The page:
In 2014 Belgian researchers conducted some rigorous research into sleep and how it affects exam performance. They asked students to fill out the Pittsburgh Sleep Quality Index and also asked many questions about study habits, health, socioeconomic backgrounds and parental sleep habits. They gathered data from exams for various courses.There was a clear difference between those who slept well and those who did not, even when the researchers corrected for other variables.
Effectiveness: Students who extended their sleep duration from six to seven hours saw an average increase of 1.7 points (on a scale of 20) for each exam. So say you would have scored 50% otherwise? You could potentially increase your mark by 8.5% by sleeping an extra hour the night before the exam.
A study in 2013 by researchers in Pennsylvania found that, for a hands-on computer applications exam, a group of students who were told to sit down, breathe deeply and envisage getting an A in the exam performed better than those who were allowed to study for 5 minutes, or those who exercised vigorously for 5 minutes, prior to the exam.
Effectiveness: The mean result within the meditation group was more than 5% better than the control group.
In a different study, students who received mindfulness training in the two weeks leading up to their exams significantly increased their score on a standardised test, compared to students who had received the same amount of training in nutrition.
Effectiveness: I can’t convert this to a percentage score, but the students who did mindfulness training gained on average a 16% percentile boost after the training, i.e. their final score moved them higher in the exam population than they would have been previously, beating 16% more students.
It’s essential to be hydrated before and during an exam. Dehydration can affect your attention, psychomotor skills, immediate memory skills, and assessment of your state of mind. All these effects will have a negative impact in an exam.
An English study in 2012 found that students who brought water into their exam scored on more than those who did not. Unlike the studies above for meditation, these results were controlled using ability on previous results.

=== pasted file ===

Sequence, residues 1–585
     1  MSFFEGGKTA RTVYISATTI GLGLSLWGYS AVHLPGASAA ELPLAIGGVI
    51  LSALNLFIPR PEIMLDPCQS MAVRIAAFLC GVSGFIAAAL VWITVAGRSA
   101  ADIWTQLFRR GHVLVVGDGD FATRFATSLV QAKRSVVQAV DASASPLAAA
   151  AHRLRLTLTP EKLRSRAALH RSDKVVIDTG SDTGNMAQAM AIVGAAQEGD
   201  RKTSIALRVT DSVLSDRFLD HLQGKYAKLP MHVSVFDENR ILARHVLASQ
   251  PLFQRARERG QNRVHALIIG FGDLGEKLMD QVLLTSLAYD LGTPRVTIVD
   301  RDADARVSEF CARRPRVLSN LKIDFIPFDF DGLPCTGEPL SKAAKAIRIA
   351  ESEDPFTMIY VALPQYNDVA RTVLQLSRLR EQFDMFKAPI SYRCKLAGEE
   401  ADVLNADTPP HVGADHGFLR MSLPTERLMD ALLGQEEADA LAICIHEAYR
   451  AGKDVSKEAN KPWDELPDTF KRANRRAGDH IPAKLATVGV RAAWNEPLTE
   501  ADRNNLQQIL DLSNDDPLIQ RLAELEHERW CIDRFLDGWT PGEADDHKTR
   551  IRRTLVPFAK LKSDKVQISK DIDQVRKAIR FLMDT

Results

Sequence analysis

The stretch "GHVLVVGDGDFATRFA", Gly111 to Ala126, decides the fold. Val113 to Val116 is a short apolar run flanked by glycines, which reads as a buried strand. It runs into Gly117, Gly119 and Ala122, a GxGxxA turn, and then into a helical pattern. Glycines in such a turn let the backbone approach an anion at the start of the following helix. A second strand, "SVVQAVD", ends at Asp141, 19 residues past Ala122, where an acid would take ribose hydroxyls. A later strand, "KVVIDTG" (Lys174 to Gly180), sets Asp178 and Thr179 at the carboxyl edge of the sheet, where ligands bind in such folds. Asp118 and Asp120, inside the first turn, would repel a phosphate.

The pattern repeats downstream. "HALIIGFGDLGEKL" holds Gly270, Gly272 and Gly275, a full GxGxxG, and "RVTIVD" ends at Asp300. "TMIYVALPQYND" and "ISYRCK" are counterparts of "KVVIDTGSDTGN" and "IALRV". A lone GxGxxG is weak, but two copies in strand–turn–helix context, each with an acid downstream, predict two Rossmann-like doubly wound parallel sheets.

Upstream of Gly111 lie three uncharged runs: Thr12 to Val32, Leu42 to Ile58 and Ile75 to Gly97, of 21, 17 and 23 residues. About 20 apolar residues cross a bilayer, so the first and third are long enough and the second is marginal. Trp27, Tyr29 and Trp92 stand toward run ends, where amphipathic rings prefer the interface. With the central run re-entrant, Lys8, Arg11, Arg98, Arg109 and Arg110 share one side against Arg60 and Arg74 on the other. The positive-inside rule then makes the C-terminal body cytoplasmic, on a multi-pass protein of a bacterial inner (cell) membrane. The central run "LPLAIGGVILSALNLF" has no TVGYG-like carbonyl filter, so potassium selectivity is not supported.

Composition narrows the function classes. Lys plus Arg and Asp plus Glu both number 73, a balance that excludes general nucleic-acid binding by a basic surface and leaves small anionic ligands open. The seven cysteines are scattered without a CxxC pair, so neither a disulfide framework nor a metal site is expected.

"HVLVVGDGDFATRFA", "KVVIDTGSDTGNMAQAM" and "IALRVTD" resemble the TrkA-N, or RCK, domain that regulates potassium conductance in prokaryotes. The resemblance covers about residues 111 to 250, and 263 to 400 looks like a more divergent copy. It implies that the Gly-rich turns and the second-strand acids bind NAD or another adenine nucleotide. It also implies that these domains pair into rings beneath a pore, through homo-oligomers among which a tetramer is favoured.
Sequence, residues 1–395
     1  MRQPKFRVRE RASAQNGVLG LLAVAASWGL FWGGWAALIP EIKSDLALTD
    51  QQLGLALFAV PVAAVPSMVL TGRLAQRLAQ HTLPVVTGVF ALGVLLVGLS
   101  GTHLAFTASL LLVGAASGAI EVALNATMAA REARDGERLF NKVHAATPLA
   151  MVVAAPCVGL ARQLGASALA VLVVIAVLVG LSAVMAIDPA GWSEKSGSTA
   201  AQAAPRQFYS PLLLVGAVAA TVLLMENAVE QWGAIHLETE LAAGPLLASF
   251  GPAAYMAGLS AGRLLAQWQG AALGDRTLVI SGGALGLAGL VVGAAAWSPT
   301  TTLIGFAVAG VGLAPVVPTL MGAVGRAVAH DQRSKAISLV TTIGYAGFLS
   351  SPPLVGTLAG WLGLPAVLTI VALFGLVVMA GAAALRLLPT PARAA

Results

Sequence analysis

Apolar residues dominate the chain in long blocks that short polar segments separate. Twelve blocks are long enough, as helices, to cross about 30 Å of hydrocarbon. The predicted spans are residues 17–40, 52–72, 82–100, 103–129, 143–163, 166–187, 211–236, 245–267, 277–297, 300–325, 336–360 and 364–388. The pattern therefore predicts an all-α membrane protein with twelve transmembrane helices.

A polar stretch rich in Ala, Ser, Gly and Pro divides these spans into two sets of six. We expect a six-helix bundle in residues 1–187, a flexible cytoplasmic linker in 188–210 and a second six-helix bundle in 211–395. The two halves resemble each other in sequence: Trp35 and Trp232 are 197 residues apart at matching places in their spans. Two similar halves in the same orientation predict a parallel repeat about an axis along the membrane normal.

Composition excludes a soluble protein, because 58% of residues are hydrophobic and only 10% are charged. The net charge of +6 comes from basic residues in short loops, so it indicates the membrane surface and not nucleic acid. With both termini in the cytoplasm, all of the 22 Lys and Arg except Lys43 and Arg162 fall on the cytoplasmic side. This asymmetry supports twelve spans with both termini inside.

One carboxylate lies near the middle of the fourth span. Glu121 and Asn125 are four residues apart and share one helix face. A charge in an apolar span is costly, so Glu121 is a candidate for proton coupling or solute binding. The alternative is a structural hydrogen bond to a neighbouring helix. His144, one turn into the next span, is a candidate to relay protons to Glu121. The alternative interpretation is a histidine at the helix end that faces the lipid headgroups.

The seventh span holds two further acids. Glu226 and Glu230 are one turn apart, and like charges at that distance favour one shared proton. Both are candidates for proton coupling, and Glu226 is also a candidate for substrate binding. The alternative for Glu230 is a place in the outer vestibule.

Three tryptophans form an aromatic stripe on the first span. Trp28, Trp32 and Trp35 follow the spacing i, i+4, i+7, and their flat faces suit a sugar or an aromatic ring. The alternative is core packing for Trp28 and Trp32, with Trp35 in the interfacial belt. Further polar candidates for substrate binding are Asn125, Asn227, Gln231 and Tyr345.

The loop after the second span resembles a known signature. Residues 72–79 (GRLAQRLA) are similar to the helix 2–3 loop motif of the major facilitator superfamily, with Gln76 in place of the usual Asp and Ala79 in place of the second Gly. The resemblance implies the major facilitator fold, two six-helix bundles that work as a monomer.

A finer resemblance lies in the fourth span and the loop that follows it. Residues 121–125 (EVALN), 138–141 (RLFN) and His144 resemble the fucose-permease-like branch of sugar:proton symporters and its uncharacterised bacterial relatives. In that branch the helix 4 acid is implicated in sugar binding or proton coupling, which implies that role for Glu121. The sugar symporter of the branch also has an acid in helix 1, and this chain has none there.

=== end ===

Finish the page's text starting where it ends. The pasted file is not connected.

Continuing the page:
Effectiveness: The news article doesn’t report the results very clearly, but it appears that those who brought water into the exam scored on average 4.8% higher than those who did not.
Around exam time you will find many articles telling you what kind of food to eat for breakfast. These are not necessarily based on research. We know the function of different components in our food (macronutrients like fat, carbohydrates and protein and micronutrients like vitamins and minerals) but we can’t assume that eating particular foods in the morning will have a miraculous effect on your exam results.
Most of the studies seem to be on children with low socio-economic-status (SES) and many are not designed well. I found one study on dieting women which showed that low-carb diets had a negative effect on memory-related tasks and reaction time. There is a more recent systematic review that shows that (a) if a child or adolescent usually skips breakfast, having breakfast in the morning can have a short-term positive effect on tasks requiring attention, executive function and memory and (b) this effect is still valid even if you correct for low SES.
Effectiveness: I can’t find a percentage improvement in the abstracts, but the article above says that the improvements were best for mathematics and arithmetic tests.
I conclude that it is worth having breakfast on the morning of your examination, especially if you are doing a maths exam, and even if you do not usually have breakfast. Eat well and don’t skip carbs, but try to choose low GI foods as they will release glucose more steadily to your body during the day.